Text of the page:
A fair number of those movies are made by Asylum Entertainment, a company that specializes in producing knock-offs of popular movies to be released on video and cable at the same time the bigger product is released in theaters. They're the people that stuck Transmorphers on store shelves the day that Transfomers came out and countered Paranormal Activity with Paranormal Entity. I'm not sure what their costs are, but every store has them. Blockbuster and Hollywood Video carried them back when they were viable options; Amazon, Netflix, and iTunes have them now. I remember that the Hollywood Video near me used to have all the new releases displayed along the walls; the top two-thirds were the blockbusters, the bottom third were the Asylum versions.

My guess is that it's incredibly inexpensive to get the rights for these kinds of movies, and people probably watch them more than you'd think. Part of the reason they might seem more prominent on Netflix than on other services is that Netflix doesn't have the new releases, only the knock-offs. So, Transmorphers but no Transformers. Netflix also hasn't done as good of a job—although they're getting better—of shuffling those movies under the rug in favor of more popular ones. These kinds of movies should never be headliners in the New Releases area, but for awhile that's exactly what Netflix was doing.

firesloth wrote:

By the way, thank you to the person (or persons) that recommended Archer in the distant recesses of this thread. I came across it while browsing the "What's Popular" section yesterday, and the name tripped an association in my head that must come back to this thread somehow.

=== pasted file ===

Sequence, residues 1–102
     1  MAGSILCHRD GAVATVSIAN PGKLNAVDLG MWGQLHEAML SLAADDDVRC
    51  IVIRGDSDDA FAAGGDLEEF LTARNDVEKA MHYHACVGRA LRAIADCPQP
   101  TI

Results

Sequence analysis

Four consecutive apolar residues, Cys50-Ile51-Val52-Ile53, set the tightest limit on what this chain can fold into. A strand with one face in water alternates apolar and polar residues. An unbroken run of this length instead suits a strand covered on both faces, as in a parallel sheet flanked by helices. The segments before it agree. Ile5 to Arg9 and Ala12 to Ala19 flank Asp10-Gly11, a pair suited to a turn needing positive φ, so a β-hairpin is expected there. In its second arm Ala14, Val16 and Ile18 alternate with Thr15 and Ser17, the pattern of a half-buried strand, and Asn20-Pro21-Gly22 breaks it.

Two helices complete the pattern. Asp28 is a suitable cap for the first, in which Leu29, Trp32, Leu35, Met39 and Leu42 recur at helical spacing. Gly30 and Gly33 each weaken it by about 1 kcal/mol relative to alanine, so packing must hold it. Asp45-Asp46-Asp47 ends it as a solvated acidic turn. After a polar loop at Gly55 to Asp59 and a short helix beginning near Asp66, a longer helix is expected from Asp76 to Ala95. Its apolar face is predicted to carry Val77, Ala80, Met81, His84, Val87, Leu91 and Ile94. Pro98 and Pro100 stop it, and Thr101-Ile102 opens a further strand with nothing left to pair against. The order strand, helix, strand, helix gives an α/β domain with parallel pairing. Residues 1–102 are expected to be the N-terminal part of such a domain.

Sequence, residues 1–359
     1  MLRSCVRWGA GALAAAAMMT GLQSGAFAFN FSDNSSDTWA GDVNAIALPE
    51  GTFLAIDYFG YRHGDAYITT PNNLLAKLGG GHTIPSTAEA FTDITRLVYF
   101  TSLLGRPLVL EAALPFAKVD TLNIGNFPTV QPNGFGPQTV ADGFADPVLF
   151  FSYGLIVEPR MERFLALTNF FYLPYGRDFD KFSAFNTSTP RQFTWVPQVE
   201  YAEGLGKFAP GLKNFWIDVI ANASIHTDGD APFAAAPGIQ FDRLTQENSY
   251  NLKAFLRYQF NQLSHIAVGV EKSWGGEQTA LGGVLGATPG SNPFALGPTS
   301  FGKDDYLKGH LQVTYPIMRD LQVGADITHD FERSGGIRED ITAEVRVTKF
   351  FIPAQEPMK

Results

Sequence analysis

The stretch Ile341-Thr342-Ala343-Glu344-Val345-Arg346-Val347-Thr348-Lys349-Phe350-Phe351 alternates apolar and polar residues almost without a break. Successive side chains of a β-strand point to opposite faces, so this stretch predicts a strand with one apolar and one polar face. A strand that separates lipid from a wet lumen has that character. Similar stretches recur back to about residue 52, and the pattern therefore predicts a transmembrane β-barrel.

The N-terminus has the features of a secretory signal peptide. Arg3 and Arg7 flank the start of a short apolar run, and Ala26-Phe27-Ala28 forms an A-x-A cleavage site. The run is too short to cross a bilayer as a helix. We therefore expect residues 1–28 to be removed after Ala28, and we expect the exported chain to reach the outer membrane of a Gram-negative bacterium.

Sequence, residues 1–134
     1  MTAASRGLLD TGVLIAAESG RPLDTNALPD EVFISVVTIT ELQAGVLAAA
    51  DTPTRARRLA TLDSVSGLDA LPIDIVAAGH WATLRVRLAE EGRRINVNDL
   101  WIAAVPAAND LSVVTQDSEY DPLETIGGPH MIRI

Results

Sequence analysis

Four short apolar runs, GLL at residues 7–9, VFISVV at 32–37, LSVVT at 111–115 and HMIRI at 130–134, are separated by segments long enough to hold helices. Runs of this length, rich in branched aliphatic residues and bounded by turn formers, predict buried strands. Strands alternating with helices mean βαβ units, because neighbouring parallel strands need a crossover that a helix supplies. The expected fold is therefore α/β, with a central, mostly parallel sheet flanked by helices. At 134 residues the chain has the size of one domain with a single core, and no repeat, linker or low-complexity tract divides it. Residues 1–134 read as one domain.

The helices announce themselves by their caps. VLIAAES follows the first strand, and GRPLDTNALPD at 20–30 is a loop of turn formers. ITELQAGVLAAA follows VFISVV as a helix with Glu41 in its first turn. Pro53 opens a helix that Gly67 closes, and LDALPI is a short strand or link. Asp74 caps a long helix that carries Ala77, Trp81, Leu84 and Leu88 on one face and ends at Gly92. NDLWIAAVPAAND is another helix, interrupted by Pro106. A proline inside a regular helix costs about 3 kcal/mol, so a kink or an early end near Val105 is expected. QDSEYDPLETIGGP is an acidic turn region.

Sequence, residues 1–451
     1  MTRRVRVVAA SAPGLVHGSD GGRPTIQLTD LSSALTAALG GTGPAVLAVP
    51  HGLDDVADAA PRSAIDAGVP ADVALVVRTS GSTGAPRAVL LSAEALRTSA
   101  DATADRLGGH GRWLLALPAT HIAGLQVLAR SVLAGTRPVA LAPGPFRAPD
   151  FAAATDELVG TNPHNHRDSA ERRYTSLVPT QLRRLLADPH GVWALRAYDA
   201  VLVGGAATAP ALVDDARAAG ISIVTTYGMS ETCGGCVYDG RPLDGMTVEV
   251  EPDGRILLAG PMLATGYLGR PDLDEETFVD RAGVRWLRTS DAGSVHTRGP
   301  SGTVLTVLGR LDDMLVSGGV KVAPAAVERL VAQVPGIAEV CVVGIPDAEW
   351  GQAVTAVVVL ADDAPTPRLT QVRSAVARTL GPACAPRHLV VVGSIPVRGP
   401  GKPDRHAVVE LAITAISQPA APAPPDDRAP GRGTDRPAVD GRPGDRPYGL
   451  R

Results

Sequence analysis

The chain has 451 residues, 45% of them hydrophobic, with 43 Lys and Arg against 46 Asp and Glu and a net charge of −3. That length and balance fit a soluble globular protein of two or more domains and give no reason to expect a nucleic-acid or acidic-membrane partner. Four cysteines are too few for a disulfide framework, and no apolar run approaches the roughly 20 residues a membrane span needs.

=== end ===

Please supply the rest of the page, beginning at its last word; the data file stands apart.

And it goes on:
At any rate, I'm hooked...thanks!

I just like to laugh at all of the crazy knock off films. Better there than taking advantage of a grandmother or parent who thinks Jazzy Penguin is the same as that Happy Feet DVD their kid wanted.

FWIW, Paranormal Entity actually wasn't half bad. I have no first-hand knowledge of Transmorphers, but I suspect the real value of these movies comes when you watch them while drinking with your buddies.

LobsterMobster wrote:

My biggest problem with Netflix is that it has so many knock-offs of popular movies. These are things no one would ever want to watch, ever. They aren't so-bad-they're-good, they're just plain bad. It's obvious they were made to trick people who aren't paying enough attention to what they're getting, so why even catalog them? Is Netflix actually paying money to license them? It's not like Netflix doesn't know what's up, since most of them will say, "this is not the good one" in the description.

Unless you are a big content provider like Disney where they sign a multi-year contract, the amount of royalty money a license holder makes on Netflix is usually related to how many people are actually watching it each month. If you never watch Transmorphers, you probably aren't supporting the company that is making it that much with your subscription fee.

And that's why a lot of older content dissapears during the most opportune times, like how Groundhog Day always expires 2 days before the actual day on Netflix and then eventually returns. During most of the year, they are glad to get the 2 cents from every person watching it. But during the time period where people are most likely to impulse purchase the DVD in the big Walmart bin or pay $3 to rent it from some on-demand service, they pull it.